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Norcold Refrigerator Troubleshooting & RV Refrigerator Tips

Norcold Refrigerator Troubleshooting & RV Refrigerator Tips

So, while we were spending a week in the desert at our Boondocking Rally, we noticed that our refrigerator suddenly wasn't cooling like it should on propane. Linda, with her bionic hearing, said the sound of the refrigerator running should be louder. 



It works fine on electric, and it had been working fine on propane, so we weren't sure what was going on. We had the refrigerator stuffed with food for the Rally, so I suspected that was part of the problem, but once most of the food was out, it still wasn't performing as it should.

We didn't have the luxury of screwing it up more while in the desert, so we muddled through and decided to troubleshoot it once we were back on hook-ups.

Our refrigerator is a Norcold N822RT RV model that runs on either propane or electric.



This is our first Norcold as the fridge we had in the fifth wheel was a Dometic, and it worked beautifully after we upgraded the cooling unit.


Now, most RVs come with "RV refrigerators" that run on propane or electric, but some are now coming with all electric refrigerators which those of us in the RV world refer to as "residential refrigerators" because they are they same type that you will find in sticks and bricks homes.

There are huge differences in how these types of refrigerators work, but just know that "RV refrigerators" are "absorption refrigerators". Without getting too technical, basically a chemical reaction in the back of the refrigerator absorbs heat out of the interior of the refrigerator leaving cold behind. There is no compressor cooling the inside. Oh, and note that Dometic and Norcold are by far the main two manufacturers of RV refrigerators.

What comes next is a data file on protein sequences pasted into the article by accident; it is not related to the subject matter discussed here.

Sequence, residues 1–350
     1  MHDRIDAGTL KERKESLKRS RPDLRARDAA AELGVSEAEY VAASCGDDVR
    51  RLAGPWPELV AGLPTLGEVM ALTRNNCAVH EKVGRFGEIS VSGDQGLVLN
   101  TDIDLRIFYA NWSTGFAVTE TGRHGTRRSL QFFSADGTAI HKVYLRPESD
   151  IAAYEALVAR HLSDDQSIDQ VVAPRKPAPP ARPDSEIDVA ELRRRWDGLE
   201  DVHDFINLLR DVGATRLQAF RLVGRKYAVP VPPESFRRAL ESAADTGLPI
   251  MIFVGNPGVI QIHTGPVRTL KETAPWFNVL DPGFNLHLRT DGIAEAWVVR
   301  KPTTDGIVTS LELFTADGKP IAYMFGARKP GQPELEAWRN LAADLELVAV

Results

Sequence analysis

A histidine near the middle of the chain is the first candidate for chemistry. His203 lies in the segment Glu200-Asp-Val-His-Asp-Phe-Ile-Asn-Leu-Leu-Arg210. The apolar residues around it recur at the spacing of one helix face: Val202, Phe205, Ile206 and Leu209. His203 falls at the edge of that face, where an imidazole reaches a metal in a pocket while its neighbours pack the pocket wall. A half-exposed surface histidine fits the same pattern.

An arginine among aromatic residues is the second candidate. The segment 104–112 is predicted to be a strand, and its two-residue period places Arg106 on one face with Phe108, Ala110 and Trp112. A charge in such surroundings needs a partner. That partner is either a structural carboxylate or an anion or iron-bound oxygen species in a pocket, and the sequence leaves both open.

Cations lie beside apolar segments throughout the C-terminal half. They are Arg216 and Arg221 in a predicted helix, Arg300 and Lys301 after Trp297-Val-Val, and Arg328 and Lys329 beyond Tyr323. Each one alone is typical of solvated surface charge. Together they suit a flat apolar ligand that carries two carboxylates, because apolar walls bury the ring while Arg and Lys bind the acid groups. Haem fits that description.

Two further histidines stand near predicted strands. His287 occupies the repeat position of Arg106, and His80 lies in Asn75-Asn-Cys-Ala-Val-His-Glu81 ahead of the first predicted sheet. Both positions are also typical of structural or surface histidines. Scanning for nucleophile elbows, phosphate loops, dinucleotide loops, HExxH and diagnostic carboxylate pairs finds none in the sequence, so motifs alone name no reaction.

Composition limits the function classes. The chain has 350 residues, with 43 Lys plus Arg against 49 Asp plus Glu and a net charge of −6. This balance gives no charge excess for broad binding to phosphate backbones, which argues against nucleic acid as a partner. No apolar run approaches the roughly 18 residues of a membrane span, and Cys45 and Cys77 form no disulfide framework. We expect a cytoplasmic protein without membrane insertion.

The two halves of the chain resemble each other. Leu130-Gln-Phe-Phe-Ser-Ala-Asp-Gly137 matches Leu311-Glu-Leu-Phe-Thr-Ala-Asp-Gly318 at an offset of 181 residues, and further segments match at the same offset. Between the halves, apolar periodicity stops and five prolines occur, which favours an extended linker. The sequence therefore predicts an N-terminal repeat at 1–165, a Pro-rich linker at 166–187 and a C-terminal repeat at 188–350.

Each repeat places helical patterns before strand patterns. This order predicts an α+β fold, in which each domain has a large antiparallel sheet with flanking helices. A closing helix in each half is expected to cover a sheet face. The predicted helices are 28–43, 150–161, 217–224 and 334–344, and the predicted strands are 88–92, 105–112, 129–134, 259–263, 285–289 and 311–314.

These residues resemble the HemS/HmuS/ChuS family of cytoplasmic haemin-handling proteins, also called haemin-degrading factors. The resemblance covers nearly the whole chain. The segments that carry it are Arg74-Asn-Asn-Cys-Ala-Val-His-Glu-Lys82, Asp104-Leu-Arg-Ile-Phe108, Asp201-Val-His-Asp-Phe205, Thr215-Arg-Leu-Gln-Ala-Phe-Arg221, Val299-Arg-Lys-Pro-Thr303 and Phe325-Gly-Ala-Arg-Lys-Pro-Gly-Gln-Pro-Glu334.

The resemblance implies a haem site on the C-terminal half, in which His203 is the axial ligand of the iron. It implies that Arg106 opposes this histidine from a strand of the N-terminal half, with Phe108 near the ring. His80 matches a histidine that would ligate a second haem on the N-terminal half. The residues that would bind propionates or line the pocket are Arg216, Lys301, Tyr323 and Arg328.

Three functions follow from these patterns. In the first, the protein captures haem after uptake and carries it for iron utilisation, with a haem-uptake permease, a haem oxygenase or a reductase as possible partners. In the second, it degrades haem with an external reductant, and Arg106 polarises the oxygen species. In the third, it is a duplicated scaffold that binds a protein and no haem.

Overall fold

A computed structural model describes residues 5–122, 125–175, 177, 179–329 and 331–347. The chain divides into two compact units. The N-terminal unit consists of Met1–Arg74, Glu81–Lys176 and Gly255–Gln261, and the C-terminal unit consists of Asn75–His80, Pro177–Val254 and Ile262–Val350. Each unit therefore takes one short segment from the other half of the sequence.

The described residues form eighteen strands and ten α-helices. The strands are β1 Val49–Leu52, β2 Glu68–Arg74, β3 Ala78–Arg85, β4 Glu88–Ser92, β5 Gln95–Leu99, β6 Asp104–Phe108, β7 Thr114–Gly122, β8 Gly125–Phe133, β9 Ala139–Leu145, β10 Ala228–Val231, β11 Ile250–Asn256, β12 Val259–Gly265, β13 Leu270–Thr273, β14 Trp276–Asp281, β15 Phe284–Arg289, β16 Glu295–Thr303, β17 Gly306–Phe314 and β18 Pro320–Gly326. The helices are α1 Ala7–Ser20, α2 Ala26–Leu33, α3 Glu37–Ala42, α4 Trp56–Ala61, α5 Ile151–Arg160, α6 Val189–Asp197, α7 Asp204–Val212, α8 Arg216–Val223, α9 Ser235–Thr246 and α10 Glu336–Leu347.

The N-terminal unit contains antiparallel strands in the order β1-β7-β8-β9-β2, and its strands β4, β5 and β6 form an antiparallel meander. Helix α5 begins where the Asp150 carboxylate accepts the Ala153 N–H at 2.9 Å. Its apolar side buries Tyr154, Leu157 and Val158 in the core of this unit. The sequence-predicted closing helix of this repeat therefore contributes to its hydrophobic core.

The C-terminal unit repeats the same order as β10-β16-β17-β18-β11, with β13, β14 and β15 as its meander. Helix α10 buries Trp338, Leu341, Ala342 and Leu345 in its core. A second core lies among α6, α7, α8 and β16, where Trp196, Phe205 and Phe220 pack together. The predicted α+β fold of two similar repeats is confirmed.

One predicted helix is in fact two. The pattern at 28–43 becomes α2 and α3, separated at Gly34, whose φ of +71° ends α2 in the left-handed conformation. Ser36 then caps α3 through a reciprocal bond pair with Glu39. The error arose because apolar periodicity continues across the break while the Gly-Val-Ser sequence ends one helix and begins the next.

This chemical reaction requires the solution in the absorption refrigerator coils to be heated and that heat is provided by either 120-volt AC electric or propane (there are some 3-way RV refrigerators that may also use 12-volt power for heat).


In our case, our refrigerator was working fine on 120-volt electric, and our freezer was working just fine on propane. It was just the refrigerator portion that wasn't staying cold enough. By the way, we keep digital refrigerator thermometers in both the fridge and freezer sections so we can monitor temperatures at all times.

Recommendations are that the fridge be 34 – 40 degrees and the freezer should be around 0 degrees with fluctuations of 2 – 3 degrees either way.

So, after watching several YouTube videos, we became convinced that our issue was a dirty or clogged burner assembly, and we were confident we could take the burner assembly out and clean it ourselves. If the problem was something else, well, we'd deal with that later.

There were a couple of videos that were most helpful to us. This one is for a Norcold; it's a different model than ours, but the back of the fridge looked pretty much the same.



This one from Ford's RV Refrigeration Training & Service is also very good. He's using a Dometic, so you can see the differences.  



So, this morning, we got out our tools and decided to go to work. We did our own 10-minute video to document the process and to show that we could remove the burner assembly without having to take the refrigerator out, even if it didn't go quite as smoothly as we'd hoped.



So, we were surprised to find the burner assembly and the flue area were much cleaner than we expected. We had a can of compressed air and a vacuum ready to go, but neither were really necessary. We tapped on the flue to see if we would get a bunch of rust or debris falling down, but there was nothing at all that caused concern.